It's a shame that all the Eastern Europeans have come into the game screaming and shouting and disrupting law-abiding players. Back in the day, when tennis was dominated by Western Europeans and Americans, like the ice cold Swede Bjorn Borg, the fragrant English rose Virginia Wade and the great American, Martina Navratilova, tennis was a respectable game. One played in a respectful silence. Unfortunately, society has changed. People will now tolerate these players making public exhibitions of themselves as they grunt their way through a match. People shouldn't tolerate this. We seem to have lost the noble British art of tutting. Until it comes back, the problem is going to get worse.
At The Australian Open
In 2008, Novak Djokovic attained the crowning achievement of his career when he won his first grand slam at the Australian Open. He would repeat this feat in 2011. While his tennis won accolades at the event, his behaviour did not. Throughout his march to victory Djokovic made an utter spectacle of himself. He would aggressively clench his fist after winning points, he would openly smile. On more than one occasion he was heard to let out a loud shout of "Yes." Frankly, it was abhorrent behaviour. It must have made his opponents furious and humiliated.
A victorious tennis player should look much the same as a losing one. We understand that they may be happy, but that is no reason to shout and pound one's chest; that is something monkeys do. A raised arm or a single cry of "hurrah" will suffice. This is why we no longer allow juniors at Lower Crinchley LTC. They have no self-restraint.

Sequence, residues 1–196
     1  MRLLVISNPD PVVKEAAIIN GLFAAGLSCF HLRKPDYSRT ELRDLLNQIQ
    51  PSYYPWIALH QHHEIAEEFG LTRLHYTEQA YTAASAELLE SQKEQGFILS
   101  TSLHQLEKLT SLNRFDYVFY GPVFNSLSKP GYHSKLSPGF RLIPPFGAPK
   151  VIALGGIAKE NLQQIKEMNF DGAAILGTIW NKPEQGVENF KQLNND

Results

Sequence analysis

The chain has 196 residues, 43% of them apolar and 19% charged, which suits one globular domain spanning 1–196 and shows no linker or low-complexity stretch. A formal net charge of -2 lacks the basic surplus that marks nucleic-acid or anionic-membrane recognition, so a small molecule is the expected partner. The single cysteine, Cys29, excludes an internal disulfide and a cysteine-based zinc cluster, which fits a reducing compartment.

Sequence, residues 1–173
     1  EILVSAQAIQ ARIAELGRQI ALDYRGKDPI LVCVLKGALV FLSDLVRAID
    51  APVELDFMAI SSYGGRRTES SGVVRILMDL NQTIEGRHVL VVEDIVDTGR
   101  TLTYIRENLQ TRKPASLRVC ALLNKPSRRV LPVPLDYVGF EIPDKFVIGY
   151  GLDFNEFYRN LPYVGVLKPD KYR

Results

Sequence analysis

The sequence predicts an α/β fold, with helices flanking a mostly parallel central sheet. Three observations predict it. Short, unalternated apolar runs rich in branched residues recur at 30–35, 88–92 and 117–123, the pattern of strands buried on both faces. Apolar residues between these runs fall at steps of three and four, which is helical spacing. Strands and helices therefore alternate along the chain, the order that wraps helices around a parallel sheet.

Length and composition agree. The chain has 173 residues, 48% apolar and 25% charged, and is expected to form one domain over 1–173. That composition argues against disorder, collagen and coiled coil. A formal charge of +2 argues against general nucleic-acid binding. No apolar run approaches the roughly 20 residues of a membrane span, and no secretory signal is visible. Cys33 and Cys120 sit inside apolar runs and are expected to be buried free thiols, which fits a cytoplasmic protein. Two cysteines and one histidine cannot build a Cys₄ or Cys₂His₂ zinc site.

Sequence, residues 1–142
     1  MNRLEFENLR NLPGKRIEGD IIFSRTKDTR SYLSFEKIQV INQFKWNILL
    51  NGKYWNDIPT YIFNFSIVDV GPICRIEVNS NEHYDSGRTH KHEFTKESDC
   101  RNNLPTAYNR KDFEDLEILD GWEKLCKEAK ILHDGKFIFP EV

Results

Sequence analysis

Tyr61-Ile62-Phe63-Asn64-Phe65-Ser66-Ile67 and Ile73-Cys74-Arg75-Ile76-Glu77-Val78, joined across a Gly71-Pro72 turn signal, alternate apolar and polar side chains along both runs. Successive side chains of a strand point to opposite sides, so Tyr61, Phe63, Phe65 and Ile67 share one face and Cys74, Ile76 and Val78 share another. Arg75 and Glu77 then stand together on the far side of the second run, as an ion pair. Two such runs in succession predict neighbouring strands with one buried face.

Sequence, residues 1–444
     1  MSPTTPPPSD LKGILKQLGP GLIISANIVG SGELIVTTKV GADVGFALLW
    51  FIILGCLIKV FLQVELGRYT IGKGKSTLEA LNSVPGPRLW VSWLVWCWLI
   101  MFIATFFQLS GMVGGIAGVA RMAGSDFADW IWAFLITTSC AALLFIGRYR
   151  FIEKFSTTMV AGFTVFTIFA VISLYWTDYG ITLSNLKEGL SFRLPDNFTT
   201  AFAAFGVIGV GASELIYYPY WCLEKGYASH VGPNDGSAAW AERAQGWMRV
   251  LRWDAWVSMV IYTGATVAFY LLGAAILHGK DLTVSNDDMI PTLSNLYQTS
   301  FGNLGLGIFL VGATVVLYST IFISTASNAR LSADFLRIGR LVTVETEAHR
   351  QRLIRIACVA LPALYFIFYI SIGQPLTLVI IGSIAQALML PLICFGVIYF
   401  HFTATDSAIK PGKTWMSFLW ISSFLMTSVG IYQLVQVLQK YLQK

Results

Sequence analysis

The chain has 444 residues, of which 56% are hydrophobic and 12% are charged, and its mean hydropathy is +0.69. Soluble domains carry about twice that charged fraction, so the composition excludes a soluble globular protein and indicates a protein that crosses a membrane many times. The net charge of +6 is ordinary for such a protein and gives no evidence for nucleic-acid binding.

Djokovic's behaviour is certainly the fault of his parents. During his matches they lead the cheering, like a bunch of cheerleaders. Parenting is not about supporting offspring like a crazed working class football fan. Prospective Eastern tennis parents should look to the example of the All-American father of Andre Agassi. Emmanuel B. Aghassian knew that beatings are the only language young people understand and his child became a champion.
It is quite odd that Djokovic should have had his best result at the hottest venue on the circuit, given the problems he has dealing with heat. While he is normally a very athletic player, something which is intended to make up for lack of technique, Djokovic's stamina has often been found wanting in these conditions. In 2007, Novak Djokovic had corrective surgery on his sinuses to clear up problems he had had with his breathing during matches. Following this procedure, he had no good reason to be ill on court ever again.
Despite his treatment, Novak Djokovic continuously disrupts play at major tournaments to take injury time outs. One cannot help but notice the lack of any external signs to prove Djokovic's illness. The occasions when Djokovic "cannot breathe" also happen to coincide with a reduction in his standard of play. He certainly doesn't feel like he's about to die when he's playing well. This is very suspicious. Most disgracefully, sometimes, the on-court attention of a medical professional "works" and Djokovic can recover to win.